Publisher SummaryTransport of microorganisms is governed by a variety of factors, including filtration effects, physiological state of the cells, porous medium characteristics, water flow rates, predation, and intrinsic mobility of the cells. This chapter describes the factors that determine the transport of microorganisms and nucleic acids through soil and the subsurface such as microbial adhesion to and detachment from solid surfaces and the surrounding solution, the surface properties of the microbe, and the impact of water saturation and flow on movement. The chapter also examines the microbial survival and activity levels during transport, approaches to facilitate transport, and mathematical models that describe and predict microbial transport. Microbial transport is limited by filtration of cells by small pores that may result in bacteria excluded from the microporous domain of porous media; therefore, no microbial activity is expected to be there. The physiological state of microbial cells—such as capsule formation around the cells, nutrient availability, or starvation conditions—also influences its transport potential. Microbial adhesion is controlled primarily by the balance of electrostatic interactions, hydrophobic interactions, and van der Waals forces. Several novel approaches designed to facilitate microbial transport through the terrestrial profile—such as such as formation of ultramicrobacteria, biosurfactants, and gene transfer—are under investigation.

Chapter 17 - Microorganisms and Organic Pollutants

The objective of this chapter is to describe the interaction of microorganisms with organic pollutants. In particular, the ability of heterotrophic microbes to degrade organic pollutants via a process known as bioremediation is examined. The overall process of biodegradation is discussed, including the role of contaminant structure on bioavailability and toxicity. The influence of environmental factors on biodegradation is also described including essential nutrient requirements in addition to carbon substrate; redox conditions; moisture, temperature and other soil characteristics. Degradation of specific types of organic compounds is evaluated under both aerobic and anaerobic conditions. Major classes of compounds discussed include: aliphatics; alicyclics and aromatics including polyaromatic hydrocarbons (PAHs), polychlorinated biphenyls (PCBs) and pesticides. Finally, bioremediation technologies and strategies to enhance bioremediation effectiveness are described.

Chapter 20 - Microbial Communication: Bacteria/Bacteria and Bacteria/Host

It is now well recognized that most bacteria produce signals that allow communication between cells by emitting specific chemical signals. This cell–cell communication can be within a single population of bacteria (intraspecies signaling), between bacterial populations (interspecies signaling) or between bacteria and other organisms (interkingdom signaling). This chapter discusses the current understanding of bacterial signaling using examples of communication systems including: signaling in Gram-negative bacteria via quorum sensing with N-acyl homoserine lactones; signaling in Gram-positive bacteria via λ-butyryl lactones and small peptide signals; and signaling via Autoinducer-2 and -3, and bacterial neuropeptides. In addition are covered: bacterial eavesdropping; bacterial signal interference; and interkingdom signaling.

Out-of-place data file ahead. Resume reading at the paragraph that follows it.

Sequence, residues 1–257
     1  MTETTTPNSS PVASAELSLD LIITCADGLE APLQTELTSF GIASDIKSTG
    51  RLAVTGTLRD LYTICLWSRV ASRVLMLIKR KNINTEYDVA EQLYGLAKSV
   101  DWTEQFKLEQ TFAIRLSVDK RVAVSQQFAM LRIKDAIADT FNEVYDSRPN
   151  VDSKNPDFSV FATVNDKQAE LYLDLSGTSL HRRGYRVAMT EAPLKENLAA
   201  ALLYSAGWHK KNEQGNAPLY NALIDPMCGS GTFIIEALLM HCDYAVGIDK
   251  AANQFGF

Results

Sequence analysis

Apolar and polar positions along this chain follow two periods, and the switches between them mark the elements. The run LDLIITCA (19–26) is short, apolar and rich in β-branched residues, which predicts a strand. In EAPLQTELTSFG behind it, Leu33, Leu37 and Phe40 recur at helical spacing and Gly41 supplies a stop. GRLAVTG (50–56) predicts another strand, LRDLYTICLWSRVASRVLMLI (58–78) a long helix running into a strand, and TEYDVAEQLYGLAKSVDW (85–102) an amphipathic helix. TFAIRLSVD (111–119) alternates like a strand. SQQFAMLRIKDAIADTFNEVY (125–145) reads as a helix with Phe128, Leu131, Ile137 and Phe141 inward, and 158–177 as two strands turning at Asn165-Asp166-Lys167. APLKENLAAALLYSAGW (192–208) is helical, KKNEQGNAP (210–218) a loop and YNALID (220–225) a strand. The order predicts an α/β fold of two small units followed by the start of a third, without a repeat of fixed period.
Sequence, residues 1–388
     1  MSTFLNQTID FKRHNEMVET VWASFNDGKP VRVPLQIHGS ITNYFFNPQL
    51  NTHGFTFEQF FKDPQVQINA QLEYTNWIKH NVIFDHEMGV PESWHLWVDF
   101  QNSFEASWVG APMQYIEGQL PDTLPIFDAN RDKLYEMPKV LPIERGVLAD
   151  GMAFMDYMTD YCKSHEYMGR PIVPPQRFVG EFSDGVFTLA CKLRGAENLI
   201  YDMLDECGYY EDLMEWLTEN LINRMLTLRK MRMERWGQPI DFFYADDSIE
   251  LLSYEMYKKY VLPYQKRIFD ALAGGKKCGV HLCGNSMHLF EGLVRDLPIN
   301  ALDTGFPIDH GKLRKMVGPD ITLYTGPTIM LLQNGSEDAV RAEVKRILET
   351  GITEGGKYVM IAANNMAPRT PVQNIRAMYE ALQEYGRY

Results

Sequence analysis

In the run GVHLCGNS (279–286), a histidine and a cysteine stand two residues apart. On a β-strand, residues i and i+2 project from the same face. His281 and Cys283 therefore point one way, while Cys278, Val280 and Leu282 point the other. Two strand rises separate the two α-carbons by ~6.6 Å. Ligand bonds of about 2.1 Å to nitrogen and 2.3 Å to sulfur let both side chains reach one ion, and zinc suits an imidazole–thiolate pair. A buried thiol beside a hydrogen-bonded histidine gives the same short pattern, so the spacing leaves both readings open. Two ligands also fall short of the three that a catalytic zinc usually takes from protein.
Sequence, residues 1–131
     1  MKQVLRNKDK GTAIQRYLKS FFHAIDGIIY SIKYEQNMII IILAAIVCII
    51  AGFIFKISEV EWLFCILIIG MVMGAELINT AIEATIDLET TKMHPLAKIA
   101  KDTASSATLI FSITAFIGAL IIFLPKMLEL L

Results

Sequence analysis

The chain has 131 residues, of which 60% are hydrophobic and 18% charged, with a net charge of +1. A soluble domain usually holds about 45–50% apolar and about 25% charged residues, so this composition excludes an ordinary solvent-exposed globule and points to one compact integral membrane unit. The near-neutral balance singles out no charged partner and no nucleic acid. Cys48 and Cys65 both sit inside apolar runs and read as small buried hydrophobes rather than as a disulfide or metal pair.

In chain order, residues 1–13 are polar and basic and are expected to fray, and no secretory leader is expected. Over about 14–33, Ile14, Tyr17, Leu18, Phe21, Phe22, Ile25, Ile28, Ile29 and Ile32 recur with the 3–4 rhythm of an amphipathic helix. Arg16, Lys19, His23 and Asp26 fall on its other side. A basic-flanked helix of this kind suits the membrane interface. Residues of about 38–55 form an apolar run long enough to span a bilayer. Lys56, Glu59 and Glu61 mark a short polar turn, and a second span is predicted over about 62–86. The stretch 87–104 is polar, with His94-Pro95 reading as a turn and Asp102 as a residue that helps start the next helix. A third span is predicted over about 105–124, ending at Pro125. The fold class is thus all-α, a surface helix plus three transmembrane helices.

Surficial weathering of iron sulfide mine tailings under semi-arid climate

AbstractMine wastes introduce anthropogenic weathering profiles to the critical zone that often remain unvegetated for decades after mining cessation. As such, they are vulnerable to wind and water dispersion of particulate matter to adjacent ecosystems and residential communities. In sulfide-rich ore tailings, propagation to depth of the oxidative weathering front controls the depth-variation in speciation of major and trace elements. Despite the prevalence of surficial mine waste deposits in arid regions of the globe, few prior studies have been conducted to resolve the near-surface profile of sulfide ore tailings weathered under semi-arid climate. We investigated relations between gossan oxidative reaction-front propagation and the molecular speciation of iron and sulfur in tailings subjected to weathering in a semi-arid climate at an EPA Superfund Site in central Arizona (USA). Here we report a multi-method data set combining wet chemical and synchrotron-based X-ray diffraction (XRD) and X-ray absorption near-edge spectroscopy (XANES) methods to resolve the tight coupling of iron (Fe) and sulfur (S) geochemical changes in the top 2 m of tailings. Despite nearly invariant Fe and S concentration with depth (130–140 and 100–120 g kg−1, respectively), a sharp redox gradient and distinct morphological change was observed within the top 0.5 m, associated with a progressive oxidative alteration of ferrous sulfides to (oxyhydr)oxides and (hydroxy)sulfates. Transformation is nearly complete in surficial samples. Trends in molecular-scale alteration were co-located with a decrease in pH from 7.3 to 2.3, and shifts in Fe and S lability as measured via chemical extraction. Initial weathering products, ferrihydrite and gypsum, transform to schwertmannite, then jarosite-group minerals with an accompanying decrease in pH. Interestingly, thermodynamically stable phases such as goethite and hematite were not detected in any samples, but ferrihydrite was observed even in samples with the lowest pH, indicating its metastable persistence in these semiarid tailings. The resulting sharp geochemical speciation gradients in close proximity to the tailings surface have important implications for plant colonization, as well as mobility and bioavailability of co-associated toxic metal(loid)s.